Zoox is considering supplying Amazon last-mile delivery services from its shuttles. Jesse Levinson is Zoox’s CTO and cofounder. We charge people for rides. This is our business model. A driver is the biggest expense in a ride-sharing car. These fares can be amortized over the five-year period to reduce the car’s cost.

Although this may appear counterintuitive, the long-haul AV trucking sector is the one that’s growing at the fastest pace in the market. Jim Scheinman is the founding managing partner of Maven Ventures, and an early investor at Cruise. He noted that Embark Truck, and other AV-trucking companies, will benefit the market’s trillion-dollar value in many ways. Scheinman explained that “not only will we keep our freight costs considerably lower (which is still so important in a world with continued supply chain issues, inflation, and) but also because it will aid the long haul trucking labor shortages. Also, being much more environmentally-friendly.” He added, “Massive wins” for all and the planet.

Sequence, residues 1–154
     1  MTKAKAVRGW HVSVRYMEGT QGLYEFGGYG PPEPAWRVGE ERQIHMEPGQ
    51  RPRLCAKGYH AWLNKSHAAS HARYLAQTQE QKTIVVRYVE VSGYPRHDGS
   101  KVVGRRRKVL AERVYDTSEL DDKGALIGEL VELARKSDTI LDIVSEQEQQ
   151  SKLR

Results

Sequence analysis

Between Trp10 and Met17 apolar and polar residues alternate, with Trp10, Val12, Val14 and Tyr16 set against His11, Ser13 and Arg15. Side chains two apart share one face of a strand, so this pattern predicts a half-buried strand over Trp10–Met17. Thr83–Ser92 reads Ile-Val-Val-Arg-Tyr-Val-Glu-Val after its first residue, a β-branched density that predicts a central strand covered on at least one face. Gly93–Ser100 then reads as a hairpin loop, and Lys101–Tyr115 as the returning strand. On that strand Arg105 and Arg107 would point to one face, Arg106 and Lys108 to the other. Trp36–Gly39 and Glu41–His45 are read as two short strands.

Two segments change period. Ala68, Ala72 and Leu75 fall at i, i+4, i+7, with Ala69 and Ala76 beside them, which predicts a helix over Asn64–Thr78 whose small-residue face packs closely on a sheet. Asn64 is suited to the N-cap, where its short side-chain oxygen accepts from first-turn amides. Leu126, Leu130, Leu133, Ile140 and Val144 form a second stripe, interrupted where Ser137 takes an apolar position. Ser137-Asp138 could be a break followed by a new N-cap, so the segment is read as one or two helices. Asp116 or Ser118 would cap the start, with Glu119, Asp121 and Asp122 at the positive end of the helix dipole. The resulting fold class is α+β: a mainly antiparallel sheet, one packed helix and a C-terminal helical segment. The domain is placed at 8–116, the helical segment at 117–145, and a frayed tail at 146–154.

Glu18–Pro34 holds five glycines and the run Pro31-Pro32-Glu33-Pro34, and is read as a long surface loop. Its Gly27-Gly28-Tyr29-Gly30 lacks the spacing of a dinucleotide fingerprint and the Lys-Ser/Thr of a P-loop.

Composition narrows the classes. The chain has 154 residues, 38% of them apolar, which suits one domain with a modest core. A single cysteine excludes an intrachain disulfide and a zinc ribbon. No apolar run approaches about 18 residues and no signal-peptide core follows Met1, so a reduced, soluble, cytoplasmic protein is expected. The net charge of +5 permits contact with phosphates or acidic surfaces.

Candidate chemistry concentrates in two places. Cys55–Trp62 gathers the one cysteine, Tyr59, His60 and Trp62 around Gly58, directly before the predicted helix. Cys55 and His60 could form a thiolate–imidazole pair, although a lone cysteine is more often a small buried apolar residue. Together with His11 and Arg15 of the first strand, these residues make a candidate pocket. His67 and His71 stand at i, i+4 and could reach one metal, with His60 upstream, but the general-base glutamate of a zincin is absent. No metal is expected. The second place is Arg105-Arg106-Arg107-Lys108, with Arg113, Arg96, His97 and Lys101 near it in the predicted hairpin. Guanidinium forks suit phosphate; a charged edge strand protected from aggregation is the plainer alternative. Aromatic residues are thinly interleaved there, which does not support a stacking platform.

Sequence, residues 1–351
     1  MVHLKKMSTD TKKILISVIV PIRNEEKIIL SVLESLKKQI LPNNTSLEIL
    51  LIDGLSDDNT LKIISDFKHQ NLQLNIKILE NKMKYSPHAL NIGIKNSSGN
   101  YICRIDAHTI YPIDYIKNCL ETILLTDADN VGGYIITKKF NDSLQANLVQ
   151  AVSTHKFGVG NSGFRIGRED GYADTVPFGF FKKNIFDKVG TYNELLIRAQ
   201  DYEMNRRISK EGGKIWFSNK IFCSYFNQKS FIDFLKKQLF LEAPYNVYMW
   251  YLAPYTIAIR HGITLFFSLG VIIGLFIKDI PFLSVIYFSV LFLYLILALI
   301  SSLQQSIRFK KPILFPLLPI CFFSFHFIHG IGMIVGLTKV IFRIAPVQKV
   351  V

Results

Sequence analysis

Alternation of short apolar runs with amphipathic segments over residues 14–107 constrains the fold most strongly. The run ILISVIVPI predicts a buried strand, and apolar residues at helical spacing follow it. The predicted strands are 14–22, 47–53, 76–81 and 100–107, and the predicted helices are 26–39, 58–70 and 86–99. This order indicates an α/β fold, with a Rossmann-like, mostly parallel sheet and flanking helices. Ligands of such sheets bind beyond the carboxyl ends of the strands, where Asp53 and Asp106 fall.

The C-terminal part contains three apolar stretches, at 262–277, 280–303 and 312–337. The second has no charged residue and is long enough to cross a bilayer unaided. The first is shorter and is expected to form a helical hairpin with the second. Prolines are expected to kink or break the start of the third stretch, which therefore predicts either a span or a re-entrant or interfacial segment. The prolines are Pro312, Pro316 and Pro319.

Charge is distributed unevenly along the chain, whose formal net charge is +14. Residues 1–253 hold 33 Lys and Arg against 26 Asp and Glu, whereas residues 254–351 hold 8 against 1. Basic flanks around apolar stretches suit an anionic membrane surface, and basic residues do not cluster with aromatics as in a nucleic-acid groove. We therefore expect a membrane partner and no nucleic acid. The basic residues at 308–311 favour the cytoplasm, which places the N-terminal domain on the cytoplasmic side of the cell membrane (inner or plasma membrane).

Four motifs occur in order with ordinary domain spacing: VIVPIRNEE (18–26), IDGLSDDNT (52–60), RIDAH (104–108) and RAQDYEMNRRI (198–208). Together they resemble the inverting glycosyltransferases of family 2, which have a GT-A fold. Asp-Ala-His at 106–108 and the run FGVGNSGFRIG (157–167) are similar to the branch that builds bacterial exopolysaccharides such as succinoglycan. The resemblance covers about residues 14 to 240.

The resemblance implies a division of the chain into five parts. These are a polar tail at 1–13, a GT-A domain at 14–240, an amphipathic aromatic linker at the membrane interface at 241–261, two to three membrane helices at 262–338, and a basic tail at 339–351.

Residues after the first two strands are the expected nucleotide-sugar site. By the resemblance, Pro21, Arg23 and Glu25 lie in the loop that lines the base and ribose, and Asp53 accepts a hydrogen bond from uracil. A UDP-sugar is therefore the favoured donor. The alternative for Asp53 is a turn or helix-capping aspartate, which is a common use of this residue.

Locomation from Pittsburgh is a semi-autonomous hybrid technology that allows two-truck convoys to travel together. One driver is in the truck leading vehicle and the other is in follower trucks, taking a break. Cetin Mericli co-founded Locomation and has tested the technology with three trucking companies. He said that the system could double the efficiency and speeds up delivery times, as well as keep trucks running longer. In a futuristic fashion, the first autonomous delivery of our cargo was an empty trailer filled with TP.